There are any number of other fairly pulpy history tomes out there, with many of the legends recounted. If you go with this list of authors, you will do well to start your journey. The Jingwu book is also a must, for its section on peforming historical research on Chinese martial arts.

    Best of luck
    I like this n00b. Can we keep him?

    Can we, mommy?

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  9. #9
    Sri Hanuman's Avatar
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    I strongly recommend Adam Hsu's writing as a good introductory read to give you an idea of where to go. Unfortunately, you will not easily find complete translations of Tang Hao's books, which is a shame. (On that note, I am willing to finance a large chunk of any such translation if anybody on this board is handy with Classical Chinese... per some ridiculously small chance.) Scott, since I imagine our projects will intersect at some point, you're more than welcome to my notes.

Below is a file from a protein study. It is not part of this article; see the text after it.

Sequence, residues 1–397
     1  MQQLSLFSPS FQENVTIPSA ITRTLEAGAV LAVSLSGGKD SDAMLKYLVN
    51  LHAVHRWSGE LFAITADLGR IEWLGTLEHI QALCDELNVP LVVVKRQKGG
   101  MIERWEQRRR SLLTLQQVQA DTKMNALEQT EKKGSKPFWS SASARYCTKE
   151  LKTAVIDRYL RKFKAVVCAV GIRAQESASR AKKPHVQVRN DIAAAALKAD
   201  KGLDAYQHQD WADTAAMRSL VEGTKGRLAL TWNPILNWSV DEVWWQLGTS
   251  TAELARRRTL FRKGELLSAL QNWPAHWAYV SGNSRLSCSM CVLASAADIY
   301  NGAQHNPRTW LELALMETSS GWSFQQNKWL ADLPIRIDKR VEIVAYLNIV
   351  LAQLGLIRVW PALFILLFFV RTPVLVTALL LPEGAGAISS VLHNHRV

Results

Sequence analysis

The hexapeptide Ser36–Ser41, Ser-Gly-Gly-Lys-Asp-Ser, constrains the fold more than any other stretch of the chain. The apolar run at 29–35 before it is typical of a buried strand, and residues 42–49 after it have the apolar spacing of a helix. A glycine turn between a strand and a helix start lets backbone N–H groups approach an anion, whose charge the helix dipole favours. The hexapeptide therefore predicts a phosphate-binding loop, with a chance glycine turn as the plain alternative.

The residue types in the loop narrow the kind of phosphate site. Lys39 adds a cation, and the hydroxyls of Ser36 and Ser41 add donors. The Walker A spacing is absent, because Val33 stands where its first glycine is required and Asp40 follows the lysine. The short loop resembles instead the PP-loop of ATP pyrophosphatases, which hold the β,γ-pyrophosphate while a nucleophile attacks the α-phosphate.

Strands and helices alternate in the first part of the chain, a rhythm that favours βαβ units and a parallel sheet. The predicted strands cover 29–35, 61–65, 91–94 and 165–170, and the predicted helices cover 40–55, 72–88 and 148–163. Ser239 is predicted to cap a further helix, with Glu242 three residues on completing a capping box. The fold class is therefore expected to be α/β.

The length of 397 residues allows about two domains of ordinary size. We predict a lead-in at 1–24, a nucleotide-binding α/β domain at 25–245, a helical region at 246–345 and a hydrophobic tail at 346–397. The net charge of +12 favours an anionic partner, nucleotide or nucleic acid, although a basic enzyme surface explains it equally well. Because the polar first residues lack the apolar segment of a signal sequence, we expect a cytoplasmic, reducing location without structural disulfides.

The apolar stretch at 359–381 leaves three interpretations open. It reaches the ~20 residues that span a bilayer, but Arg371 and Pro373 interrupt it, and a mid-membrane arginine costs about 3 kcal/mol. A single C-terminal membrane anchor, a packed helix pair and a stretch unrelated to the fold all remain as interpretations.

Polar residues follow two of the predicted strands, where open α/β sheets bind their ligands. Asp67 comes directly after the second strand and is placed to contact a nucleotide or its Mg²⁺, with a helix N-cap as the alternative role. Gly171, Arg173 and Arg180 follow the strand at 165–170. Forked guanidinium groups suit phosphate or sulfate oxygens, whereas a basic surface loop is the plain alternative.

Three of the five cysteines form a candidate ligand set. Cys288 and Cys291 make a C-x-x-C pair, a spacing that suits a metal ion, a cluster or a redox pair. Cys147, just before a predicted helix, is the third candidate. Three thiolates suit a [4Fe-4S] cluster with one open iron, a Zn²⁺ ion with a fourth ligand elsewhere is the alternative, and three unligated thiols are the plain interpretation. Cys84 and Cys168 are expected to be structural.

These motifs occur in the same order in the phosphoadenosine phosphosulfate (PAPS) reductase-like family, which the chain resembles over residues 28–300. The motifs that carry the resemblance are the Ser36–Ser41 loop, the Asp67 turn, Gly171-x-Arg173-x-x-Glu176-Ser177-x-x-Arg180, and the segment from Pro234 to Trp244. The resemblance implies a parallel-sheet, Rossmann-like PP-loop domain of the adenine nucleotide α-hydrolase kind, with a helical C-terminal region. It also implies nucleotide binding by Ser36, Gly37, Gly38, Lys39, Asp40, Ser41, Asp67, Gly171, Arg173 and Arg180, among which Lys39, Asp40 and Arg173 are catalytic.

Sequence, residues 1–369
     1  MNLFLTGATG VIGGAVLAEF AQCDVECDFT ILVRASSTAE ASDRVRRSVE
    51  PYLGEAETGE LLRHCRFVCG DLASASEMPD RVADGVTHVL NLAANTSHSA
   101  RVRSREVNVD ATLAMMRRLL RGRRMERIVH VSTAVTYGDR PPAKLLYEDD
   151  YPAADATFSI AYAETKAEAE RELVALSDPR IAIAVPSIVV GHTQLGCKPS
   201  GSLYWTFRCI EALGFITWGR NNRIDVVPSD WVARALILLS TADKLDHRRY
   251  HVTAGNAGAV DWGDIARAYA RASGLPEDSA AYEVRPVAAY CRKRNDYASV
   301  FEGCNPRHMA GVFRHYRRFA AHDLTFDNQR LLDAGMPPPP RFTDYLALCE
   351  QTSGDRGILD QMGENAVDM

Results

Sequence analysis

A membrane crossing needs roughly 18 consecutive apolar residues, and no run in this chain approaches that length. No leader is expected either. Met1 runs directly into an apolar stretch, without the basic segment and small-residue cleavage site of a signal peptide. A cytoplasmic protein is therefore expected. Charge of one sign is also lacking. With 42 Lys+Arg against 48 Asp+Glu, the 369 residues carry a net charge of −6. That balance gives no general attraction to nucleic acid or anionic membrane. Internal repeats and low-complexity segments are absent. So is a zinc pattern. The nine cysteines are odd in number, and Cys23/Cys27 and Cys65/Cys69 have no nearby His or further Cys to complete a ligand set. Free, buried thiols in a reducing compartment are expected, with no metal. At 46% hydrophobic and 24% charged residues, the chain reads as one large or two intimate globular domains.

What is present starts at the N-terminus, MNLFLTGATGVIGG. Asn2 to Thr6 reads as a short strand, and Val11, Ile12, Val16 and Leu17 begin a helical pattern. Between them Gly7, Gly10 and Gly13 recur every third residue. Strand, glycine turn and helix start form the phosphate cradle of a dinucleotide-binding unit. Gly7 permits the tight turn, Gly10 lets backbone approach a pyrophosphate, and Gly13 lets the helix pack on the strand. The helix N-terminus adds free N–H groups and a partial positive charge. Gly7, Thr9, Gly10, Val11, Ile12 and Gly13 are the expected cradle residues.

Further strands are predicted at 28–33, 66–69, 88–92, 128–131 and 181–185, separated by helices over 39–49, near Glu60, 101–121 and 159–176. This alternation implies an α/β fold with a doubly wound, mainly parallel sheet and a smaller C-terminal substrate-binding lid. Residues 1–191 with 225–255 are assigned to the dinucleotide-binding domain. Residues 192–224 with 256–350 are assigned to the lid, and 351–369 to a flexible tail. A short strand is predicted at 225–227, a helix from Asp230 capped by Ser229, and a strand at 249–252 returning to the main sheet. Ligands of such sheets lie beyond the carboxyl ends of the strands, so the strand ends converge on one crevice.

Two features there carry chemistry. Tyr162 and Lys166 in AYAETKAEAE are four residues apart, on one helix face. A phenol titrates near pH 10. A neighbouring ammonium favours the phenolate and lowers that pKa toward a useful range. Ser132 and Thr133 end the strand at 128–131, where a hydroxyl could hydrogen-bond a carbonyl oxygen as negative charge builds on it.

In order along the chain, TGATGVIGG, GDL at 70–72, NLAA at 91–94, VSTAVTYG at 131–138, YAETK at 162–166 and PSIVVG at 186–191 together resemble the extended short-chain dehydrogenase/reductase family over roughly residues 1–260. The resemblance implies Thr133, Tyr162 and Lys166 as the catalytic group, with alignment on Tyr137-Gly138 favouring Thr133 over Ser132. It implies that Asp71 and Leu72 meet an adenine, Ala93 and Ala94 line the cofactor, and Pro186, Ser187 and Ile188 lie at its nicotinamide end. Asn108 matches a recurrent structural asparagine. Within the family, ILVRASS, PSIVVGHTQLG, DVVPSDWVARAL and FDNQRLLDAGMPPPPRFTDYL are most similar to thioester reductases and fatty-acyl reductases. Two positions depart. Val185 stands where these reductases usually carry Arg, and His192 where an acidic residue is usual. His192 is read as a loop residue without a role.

=================
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  10. #10
    Sri Hanuman's Avatar
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    Quote Originally Posted by DerAuslander108 View Post
    I like this n00b. Can we keep him?

    Can we, mommy?

    Please?
    Joey Bond in a dress would say yes.
    =================
    Kama Sutra blue belt.

    Quote Originally Posted by Emevas View Post
    I used to **** guys like you in prison.
    Quote Originally Posted by Rock Ape View Post
    Dude I kill people for a fucking living.

    Dipshit